GOOD NEWS: Member for Fairfax Ted O'Brien with very happy members of the Maroochy Men's Shed.
GOOD NEWS: Member for Fairfax Ted O'Brien with very happy members of the Maroochy Men's Shed.

Top Men's Shed start to new year

FOR a lot of Coast men, the Maroochy Men's Shed is their 'living room' where they can have a relaxed yarn about anything that interests them.

For the last six years the 90 or so members have been meeting inside a cramped space at the back of a member's business in Kuluin. That will change by the middle of this year as a result of the community group receiving $450,000 from the Federal Government to build a permanent home.

The new 'living room' will still be in Kuluin, but with about 700sqm of internal space for a large workshop, meeting rooms, an office and kitchen, and another external area for about 25 cars.

Shed member and former builder Terry Welch will coordinate the building while another member and former engineer Ian Smyllie will be the project manager.

In announcing the funding, Member for Fairfax Ted O'Brien said the shed members, through fundraising and donations, previously purchased the land opposite their existing site.

The shed president Graeme Giles says the new building will be able to support the shed membership quadrupling and the club activities expanding. "There are so many men in this demographic out there who we could be reaching," he said. "In our drawing area, combining with Buderim shed, there is probably a need for about 1000 members. We are just talking of men from 60 plus."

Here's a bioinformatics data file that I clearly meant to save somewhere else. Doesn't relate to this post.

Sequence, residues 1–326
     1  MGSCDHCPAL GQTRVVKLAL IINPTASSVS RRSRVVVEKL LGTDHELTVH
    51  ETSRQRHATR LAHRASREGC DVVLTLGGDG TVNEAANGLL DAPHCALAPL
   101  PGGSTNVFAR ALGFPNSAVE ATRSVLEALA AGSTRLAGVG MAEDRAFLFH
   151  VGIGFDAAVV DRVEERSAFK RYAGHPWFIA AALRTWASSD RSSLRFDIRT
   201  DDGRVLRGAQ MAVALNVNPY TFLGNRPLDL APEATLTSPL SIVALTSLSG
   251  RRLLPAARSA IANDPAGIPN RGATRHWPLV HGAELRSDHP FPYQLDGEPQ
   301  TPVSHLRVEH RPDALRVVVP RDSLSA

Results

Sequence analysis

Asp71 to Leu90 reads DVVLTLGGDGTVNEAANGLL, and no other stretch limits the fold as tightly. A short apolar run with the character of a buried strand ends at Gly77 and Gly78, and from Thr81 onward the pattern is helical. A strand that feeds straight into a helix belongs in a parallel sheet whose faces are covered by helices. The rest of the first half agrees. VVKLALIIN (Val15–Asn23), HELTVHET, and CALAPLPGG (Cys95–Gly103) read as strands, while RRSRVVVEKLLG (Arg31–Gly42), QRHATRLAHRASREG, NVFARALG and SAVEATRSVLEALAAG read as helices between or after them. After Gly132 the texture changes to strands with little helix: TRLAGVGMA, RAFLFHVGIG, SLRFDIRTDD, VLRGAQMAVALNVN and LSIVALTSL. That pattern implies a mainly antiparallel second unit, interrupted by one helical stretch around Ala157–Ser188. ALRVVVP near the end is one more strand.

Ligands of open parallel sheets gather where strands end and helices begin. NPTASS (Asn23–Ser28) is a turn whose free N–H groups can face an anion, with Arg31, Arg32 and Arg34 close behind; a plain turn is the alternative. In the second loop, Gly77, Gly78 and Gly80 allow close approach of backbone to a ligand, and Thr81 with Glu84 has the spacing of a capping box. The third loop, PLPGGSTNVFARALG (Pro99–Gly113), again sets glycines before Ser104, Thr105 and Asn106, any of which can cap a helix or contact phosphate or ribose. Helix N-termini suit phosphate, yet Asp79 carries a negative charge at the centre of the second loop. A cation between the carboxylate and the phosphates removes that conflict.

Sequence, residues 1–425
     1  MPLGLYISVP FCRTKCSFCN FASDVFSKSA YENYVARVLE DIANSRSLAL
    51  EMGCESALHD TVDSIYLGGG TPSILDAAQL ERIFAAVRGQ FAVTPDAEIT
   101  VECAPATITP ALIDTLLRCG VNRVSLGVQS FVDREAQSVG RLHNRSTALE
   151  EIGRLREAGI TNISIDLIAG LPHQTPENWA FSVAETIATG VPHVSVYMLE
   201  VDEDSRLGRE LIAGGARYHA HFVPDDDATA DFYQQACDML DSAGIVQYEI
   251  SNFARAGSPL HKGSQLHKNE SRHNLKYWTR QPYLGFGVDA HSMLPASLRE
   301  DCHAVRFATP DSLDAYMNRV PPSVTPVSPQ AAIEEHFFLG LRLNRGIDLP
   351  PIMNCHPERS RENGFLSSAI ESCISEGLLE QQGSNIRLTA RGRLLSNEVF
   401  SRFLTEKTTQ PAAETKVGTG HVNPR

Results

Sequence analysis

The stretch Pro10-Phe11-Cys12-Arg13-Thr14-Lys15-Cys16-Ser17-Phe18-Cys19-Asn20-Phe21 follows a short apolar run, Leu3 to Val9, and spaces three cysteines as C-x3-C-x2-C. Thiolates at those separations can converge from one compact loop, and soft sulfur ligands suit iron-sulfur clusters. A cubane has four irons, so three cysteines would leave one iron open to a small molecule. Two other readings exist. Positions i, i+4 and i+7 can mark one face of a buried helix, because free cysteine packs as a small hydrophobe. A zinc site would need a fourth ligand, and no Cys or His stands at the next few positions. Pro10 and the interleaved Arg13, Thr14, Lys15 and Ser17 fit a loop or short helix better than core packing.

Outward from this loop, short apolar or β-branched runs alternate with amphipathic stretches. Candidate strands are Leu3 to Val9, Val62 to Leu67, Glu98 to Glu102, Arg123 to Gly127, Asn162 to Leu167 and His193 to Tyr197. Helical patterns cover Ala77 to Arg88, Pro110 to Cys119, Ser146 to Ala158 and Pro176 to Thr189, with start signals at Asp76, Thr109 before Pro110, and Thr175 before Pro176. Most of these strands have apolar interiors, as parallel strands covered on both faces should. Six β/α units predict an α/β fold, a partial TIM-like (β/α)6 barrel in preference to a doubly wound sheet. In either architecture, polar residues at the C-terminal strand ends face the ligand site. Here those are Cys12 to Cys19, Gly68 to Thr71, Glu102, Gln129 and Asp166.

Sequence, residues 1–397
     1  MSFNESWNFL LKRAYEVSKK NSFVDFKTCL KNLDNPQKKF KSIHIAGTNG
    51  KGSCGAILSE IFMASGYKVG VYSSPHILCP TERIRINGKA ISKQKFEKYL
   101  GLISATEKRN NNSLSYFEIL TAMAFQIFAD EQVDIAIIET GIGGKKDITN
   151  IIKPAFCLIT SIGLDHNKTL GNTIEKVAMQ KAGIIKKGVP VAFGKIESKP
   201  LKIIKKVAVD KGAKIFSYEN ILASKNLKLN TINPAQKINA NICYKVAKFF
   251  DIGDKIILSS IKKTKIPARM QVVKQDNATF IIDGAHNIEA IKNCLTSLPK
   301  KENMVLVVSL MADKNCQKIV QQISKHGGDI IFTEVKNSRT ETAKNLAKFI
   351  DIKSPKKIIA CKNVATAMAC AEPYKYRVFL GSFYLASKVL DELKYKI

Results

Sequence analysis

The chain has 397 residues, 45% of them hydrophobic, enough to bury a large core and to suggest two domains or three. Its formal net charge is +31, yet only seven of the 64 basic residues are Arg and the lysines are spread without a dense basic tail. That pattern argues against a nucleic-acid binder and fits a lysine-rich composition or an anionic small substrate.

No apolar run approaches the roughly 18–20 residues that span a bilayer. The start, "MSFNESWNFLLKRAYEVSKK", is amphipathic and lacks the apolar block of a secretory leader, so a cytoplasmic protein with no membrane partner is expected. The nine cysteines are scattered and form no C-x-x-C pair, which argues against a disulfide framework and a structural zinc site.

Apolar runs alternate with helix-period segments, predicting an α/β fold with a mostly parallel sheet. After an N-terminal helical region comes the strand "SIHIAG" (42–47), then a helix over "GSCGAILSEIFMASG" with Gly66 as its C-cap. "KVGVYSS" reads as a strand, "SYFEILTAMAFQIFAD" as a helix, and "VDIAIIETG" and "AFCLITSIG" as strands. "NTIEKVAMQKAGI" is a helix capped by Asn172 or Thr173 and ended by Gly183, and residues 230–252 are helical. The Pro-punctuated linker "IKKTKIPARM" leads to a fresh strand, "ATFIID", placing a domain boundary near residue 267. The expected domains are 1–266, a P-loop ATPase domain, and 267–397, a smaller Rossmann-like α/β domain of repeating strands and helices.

Mental health support has been a focus on the shed management team. Once a week they have a discussion group that ranges from sport to politics and news. Some members come for these yarns or to work on personal projects in the workshop, or both.

"We also have once a month some health provider come in and give us a talk, whether it's about eye care or prostate cancer or mental health," Mr Giles said. "We have also had a workshop on recognising mental health problems."

The concerted effort to raise the profile of men's health has helped change the conversation in the shed. "Everyone was reluctant when we opened the shed up to even talk about their problems," Mr Giles said.

"Most people now will open up. They soon get someone who has already gone through that particular problem. They get together and have a yarn about it.

"That's what we can do is get that cohesive nature amongst every one so they feel safe in the environment and they can discuss any problems they have, and enjoy the camaraderie."

Once in the new venue Mr Giles says the Maroochy Men's Shed plans to be open at least five days a week and to offer its shedders Cooking for One classes in the new kitchen along with a "multitude of other activities" including art and computer classes.